× Home
×

Family Crest and History Search
House of Names
FREE SHIPPING on orders of $85 or more
An excerpt from www.HouseOfNames.com archives copyright 2000 - 2016


The name Plough is an old Anglo-Saxon name. It comes from when a family lived in Plowden, a hamlet in in the parish of Lydbury North, Shropshire. The local dates back to 1252 when it was first listed as Plaueden and literally means "valley where play or sport takes place," from the Old English words "plaga" + "denu." [1]CITATION[CLOSE]
Mills, A.D., Dictionary of English Place-Names. Oxford: Oxford University Press, 1991. Print. (ISBN 0-19-869156-4)


Plough Early Origins



The surname Plough was first found in Shropshire where they held a family seat as Lords of the Manor of Plowden. Traditionally, they held these estates at the time of the Norman Conquest, but the first record is of Sir Roger Plowden who accompanied King Richard on his Crusade to the Holy Land and was present at the siege of Acre (1191). For his gallantry he was awarded by the King an augmentation of two fleur-des-lys on his Coat of Arms, a distinction the family has borne ever since. [2]CITATION[CLOSE]
Shirley, Evelyn Philip, The Noble and Gentle Men of England; The Arms and Descents. Westminster: John Bower Nichols and Sons, 1866, Print.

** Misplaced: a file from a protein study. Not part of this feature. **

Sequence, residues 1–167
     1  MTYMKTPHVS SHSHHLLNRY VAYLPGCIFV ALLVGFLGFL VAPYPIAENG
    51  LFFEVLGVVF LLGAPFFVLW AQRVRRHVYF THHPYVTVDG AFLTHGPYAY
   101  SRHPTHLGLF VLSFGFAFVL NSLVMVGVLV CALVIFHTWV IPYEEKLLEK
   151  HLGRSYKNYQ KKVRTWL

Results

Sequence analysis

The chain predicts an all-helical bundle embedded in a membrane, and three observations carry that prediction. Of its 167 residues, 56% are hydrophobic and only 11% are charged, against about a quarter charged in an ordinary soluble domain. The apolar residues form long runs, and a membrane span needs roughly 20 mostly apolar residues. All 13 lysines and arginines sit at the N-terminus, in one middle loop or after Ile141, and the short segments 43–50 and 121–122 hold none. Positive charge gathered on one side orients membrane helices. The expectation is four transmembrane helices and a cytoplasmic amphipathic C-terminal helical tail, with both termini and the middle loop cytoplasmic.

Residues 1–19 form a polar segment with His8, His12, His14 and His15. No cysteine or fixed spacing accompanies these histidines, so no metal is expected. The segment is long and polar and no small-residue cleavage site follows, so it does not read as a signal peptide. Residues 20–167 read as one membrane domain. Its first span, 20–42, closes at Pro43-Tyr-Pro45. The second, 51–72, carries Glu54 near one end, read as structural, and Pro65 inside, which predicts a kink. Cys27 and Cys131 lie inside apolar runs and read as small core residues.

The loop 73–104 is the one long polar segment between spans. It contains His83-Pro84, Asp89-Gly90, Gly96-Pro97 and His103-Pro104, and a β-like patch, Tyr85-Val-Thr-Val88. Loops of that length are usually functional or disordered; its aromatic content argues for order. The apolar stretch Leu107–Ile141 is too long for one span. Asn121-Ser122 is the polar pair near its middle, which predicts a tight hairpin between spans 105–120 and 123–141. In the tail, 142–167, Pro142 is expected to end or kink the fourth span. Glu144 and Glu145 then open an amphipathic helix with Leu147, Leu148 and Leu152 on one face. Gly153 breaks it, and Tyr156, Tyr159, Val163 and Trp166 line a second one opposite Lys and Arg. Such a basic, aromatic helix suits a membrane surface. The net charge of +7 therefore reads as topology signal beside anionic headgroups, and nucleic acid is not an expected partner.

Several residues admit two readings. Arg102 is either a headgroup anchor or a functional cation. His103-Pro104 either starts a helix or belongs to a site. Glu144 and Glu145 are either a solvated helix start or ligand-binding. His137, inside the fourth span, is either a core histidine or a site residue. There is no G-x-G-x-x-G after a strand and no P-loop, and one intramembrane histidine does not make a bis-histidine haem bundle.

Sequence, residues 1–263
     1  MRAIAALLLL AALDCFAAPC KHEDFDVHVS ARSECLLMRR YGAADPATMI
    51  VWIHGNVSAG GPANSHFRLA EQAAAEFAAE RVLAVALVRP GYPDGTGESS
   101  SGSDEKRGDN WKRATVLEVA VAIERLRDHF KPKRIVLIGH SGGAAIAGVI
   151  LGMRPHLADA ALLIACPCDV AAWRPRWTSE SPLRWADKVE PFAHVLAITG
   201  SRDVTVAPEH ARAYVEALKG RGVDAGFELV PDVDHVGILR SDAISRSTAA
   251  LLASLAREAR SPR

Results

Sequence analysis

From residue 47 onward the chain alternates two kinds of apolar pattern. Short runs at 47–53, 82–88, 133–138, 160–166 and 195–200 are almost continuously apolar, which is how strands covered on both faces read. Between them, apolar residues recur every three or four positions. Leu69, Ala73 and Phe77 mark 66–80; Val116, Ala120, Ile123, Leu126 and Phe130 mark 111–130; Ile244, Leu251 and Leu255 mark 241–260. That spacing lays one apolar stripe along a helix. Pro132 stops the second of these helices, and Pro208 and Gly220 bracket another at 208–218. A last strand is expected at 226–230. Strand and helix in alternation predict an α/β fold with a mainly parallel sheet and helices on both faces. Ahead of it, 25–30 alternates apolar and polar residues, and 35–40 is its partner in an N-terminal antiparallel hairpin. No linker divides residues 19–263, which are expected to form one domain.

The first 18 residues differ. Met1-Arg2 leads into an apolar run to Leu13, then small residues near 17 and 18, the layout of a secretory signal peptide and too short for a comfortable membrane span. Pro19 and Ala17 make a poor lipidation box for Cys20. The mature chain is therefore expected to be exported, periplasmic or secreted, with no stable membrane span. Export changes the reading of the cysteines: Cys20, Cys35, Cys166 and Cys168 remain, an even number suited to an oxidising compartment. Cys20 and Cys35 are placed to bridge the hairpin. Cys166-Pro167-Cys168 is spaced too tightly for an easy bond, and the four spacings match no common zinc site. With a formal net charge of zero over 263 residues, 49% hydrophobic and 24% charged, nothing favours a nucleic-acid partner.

"The name occurs upon all county records from the reign of Henry III." [2]CITATION[CLOSE]
Shirley, Evelyn Philip, The Noble and Gentle Men of England; The Arms and Descents. Westminster: John Bower Nichols and Sons, 1866, Print.

Close

Plough Spelling Variations


Expand

Plough Spelling Variations



Before the last few hundred years, the English language had no fast system of spelling rules. For that reason, spelling variations are commonly found in early Anglo-Saxon surnames. Over the years, many variations of the name Plough were recorded, including Plowden, Plowdon, Ploughden, Ploweden and others.

Close

Plough Early History


Expand

Plough Early History



This web page shows only a small excerpt of our Plough research. Another 319 words (23 lines of text) covering the years 1829, 1518, 1585, 1590, 1659, 1594, 1664, 1590, 1659, 1632 and 1649 are included under the topic Early Plough History in all our PDF Extended History products and printed products wherever possible.

Close

Plough Early Notables (pre 1700)


Expand

Plough Early Notables (pre 1700)



Distinguished members of the family include Edmund Plowden (1518-1585), a distinguished English lawyer, legal scholar and Member of Parliament, he was born at Plowden Hall, Lydbury, Shropshire; Sir Edmund Plowden (1590-1659), an explorer and colonial governor who attempted to colonize North America in...

Another 43 words (3 lines of text) are included under the topic Early Plough Notables in all our PDF Extended History products and printed products wherever possible.

Close

The Great Migration


Expand

The Great Migration